Remembering the late "Jeans Queen" Gloria Vanderbilt and her contribution to women's fashion

Gloria's poses for a picture taken by Horst in 1941
Gloria's poses for a picture taken by Horst in 1941

Iconic fashion designer Gloria Vanderbilt passed away this week in her Manhattan home at the age of 95 after a battle with advanced stomach cancer, her son and CNN anchor Anderson Cooper, confirmed in a statement. 

“Gloria Vanderbilt was an extraordinary woman who loved life and lived it on her own terms,” he said addressing the public.

Gloria, who is well known for her contribution to women's denim jeans, was the daughter of socialite Gloria Vanderbilt senior and Reginald Claypoole Vanderbilt. 

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In 1934, after her father passed away, Gloria was coined the "poor little rich girl" by various publications after having been caught in the middle of what was known as the "custody battle of the century" between her mom and heiress aunt at the young age of only 10.

Despite being the subject of many rumours and scandals around her famous Hollywood lovers and three marriages, Gloria went on to live an incredibly full life, where she enjoyed success in interior design, poetry, film and television, modeling and fashion design. 

Here are four facts about this celebrated multi-talented woman that made her the icon she was:

History is made

Gloria made history as the first woman to put her family name into designer jeans.

The owner of a small design goods business in New York, Gloria designed home goods, but swiftly moved on to dresses. According to W, in the mid seventies, she was approached by clothing manufacturer Mohan Murjani.

Partnered with Mohan, Gloria had started out designing blouses. After a discussion with one of the heads at Mohan Murjani, she learned that there was tons of denim going to waste at one of the fashion company's factories in Hong Kong.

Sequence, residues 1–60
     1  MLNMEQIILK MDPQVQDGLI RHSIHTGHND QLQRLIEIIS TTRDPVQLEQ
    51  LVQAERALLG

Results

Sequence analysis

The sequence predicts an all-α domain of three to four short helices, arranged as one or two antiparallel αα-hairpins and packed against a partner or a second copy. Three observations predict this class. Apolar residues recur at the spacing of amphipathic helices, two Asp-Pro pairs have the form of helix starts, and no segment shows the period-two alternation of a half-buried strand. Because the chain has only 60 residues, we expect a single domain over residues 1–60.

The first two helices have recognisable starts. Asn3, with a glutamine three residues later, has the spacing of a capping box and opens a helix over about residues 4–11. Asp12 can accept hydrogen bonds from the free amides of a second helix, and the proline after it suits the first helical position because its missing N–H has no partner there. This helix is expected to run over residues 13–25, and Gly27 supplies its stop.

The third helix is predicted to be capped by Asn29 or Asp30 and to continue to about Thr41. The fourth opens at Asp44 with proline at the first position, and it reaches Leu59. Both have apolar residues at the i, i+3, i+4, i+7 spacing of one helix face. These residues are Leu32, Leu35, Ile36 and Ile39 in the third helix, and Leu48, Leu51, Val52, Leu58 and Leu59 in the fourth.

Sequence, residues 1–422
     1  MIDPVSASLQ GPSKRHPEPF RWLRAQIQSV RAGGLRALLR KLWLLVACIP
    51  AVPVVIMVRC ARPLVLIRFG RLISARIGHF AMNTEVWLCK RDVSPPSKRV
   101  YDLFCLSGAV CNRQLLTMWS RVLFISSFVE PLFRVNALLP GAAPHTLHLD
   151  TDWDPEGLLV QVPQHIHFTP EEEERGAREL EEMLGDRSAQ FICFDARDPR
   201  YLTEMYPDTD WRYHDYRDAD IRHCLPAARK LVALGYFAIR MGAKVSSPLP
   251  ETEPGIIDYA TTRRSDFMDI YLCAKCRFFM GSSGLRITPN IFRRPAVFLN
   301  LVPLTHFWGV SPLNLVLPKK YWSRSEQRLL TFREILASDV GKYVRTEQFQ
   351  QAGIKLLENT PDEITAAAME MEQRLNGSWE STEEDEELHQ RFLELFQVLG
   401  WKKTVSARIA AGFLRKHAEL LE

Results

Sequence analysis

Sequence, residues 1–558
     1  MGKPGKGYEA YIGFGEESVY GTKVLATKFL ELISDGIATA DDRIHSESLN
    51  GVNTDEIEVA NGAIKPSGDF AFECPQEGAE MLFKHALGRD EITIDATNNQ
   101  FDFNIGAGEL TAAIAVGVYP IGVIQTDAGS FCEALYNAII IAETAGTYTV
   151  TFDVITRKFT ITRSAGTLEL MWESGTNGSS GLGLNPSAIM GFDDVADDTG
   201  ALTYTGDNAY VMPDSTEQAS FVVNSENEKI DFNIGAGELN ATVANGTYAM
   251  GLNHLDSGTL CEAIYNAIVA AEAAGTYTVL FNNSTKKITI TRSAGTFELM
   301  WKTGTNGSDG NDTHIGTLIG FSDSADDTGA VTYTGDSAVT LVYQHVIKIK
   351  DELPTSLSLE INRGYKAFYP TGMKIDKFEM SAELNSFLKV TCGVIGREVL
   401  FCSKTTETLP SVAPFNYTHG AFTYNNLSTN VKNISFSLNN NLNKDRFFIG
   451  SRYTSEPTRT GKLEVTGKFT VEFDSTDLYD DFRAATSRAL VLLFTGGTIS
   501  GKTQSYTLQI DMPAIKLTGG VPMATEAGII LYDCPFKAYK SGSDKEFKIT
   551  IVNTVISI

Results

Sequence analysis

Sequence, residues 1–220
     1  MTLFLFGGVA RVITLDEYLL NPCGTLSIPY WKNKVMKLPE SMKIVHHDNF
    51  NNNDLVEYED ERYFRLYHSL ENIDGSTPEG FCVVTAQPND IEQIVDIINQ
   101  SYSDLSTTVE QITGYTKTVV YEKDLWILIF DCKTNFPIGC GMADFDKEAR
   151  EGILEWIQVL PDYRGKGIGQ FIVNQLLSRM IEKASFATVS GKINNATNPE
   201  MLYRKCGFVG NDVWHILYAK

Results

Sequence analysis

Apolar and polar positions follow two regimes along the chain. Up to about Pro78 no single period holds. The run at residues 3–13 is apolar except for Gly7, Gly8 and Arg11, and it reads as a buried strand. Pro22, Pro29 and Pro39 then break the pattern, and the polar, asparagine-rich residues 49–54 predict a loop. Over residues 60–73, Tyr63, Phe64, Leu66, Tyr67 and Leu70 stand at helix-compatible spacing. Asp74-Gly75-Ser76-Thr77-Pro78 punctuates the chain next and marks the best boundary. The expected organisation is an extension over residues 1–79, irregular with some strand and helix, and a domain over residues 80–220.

This is when she made the life-changing decision to design women's jeans. Soon the line expanded from denim jeans to blouses, skirts, perfume, and other clothing items that allowed for her brand to blow up into a $100 million empire.

More art than clothing

While Gloria had an eye for fashion design and bringing her designs to life, she was always an artist first.

She was the owner of her own namesake art studio, and painted hundreds of portraits and paintings, which she hung in her home and decorated her Instagram with frequently.

A woman of a thousand words

Along with everything else she had going for herself, Gloria was also a celebrated writer. According to New York Times, she occasionally wrote for The Times, Elle, and Vanity Fair. 

She also wrote a series of memoirs dedicated to the tragedies life brought, including the death of her son Carter as well as her struggles with her mother's abandonment of her and forgiveness thereof.

Made for TV

Between 1954 and 1963, the socialite focused her efforts on dominating the Hollywood acting scene. She was a darling both on screen and on stage. 

Appearing in a number of television drama's such as Playhouse 90, Studio One in Hollywood and The Dick Powell show, she established her right to be called an actress.

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Her death comes as a tragedy not only to her family and friends, but millions of people who had followed the Gloria Vanderbilt story and watched her grow. She has indeed created a legacy that will live on for decades to come.

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